Just days before the close of 2013 came the year’s second bill attempting to address the country’s impending wireless spectrum shortage. The most recent bill, proposed by Senators Guthrie (R-KY) and Matsui (D-CA), again proposes an auction of currently underutilized spectrum, but shifts the focus of the auctions from the private sector to the public. With its passage, bill sponsors hope to create new spectrum for wireless data providers and help improve the infrastructure for consumers of mobile internet service.

Wireless spectrum, the limited frequency range where all mobile and wireless data travel, has been quickly filling up over the past few years.  While 2013 saw some initial movement in the hunt to free up more usable spectrum, the year also saw the need for that spectrum reaching near crisis. Use of mobile data rose by over 65-percent in this past year alone, leaving some major urban areas primed to feel the spectrum pinch in the coming few months. Adding fuel to the already-raging fire, consumer’s last best hope—an incentive auction bill to free up spectrum from old broadcast television networks—was delayed this week until 2015.

But alas, the newly proposed legislation could hold the key to alleviating the spectrum shortage.  While old-hat broadcast television is certainly sitting on a wealth of underutilized spectrum, the bulk of this wireless gold sits in the coffers of Uncle Sam himself.

“The federal government is the single largest holder of spectrum below 3 GHz,” suggests Jot Carpenter, vice president of government affairs for wireless trade group CTIA, in a statement.” And incenting agencies to relinquish bands they aren’t utilizing or using efficiently can help the commercial mobile industry gain access to the spectrum it needs to maintain America’s place as the world’s leader in wireless broadband service.”

The new bill, titled the Federal Spectrum Incentive Act, would attempt to do just that. The legislation would allow government agencies who’ve been bequeathed with a range of wireless spectrum to put their unused spectrum up for auction. Those agencies would then get to keep a portion of the proceeds from the auction to pad their own budgets.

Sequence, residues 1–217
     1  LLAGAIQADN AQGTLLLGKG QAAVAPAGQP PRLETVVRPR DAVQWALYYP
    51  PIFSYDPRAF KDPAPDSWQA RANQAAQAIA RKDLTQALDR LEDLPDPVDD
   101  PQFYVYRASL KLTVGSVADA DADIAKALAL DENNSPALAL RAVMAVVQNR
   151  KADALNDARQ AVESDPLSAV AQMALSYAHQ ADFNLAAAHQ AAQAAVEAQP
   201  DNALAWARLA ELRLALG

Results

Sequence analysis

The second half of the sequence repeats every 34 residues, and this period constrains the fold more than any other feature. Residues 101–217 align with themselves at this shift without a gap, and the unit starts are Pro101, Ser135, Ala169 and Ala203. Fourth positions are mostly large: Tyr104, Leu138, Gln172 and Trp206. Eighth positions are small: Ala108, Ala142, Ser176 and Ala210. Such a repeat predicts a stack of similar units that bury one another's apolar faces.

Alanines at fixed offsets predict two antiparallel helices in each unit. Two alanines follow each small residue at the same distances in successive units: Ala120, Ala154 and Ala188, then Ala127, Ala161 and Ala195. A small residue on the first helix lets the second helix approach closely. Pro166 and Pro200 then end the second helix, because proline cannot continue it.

Experts hope that this incentive would put pressure on those agencies facing sequestration and other budget cuts to find more efficient ways to use their spectrum (if they need to use it at all), and sell the rest.  

With more than 60-percent of the spectrum in government hands, there’s no doubt some excess that should be repurposed. The new bill hopes to be a big part of President Obama’s plan to free up that excess for private use to the tune of more than 500mhz by 2020.

But, an overly careful FCC could put consumers in a real pinch if this bill is treated like the last. Newly appointed FCC Chairperson, Tom Wheeler, put the brakes on the private auctions bill passed earlier this year. Wheeler cited caution as his primary reason. We have “but once chance to get this right,” he wrote in a post earlier this month. Now, with only 10mhz of spectrum finding its way to mobile providers in 2014, consumers need the government to act quickly with the Federal Spectrum Auction Act.

While there is much to add to congress’ list of New Year’s resolutions, consumers everywhere are keeping fingers crossed that finding a way to efficiently manage the heap government-specific spectrum makes the list.

Zack Christenson writes on digital tech issues for the American Consumer Institute Center for Citizen Research, a nonprofit educational and research organization.  For more information, visit www.theamericanconsumer.org.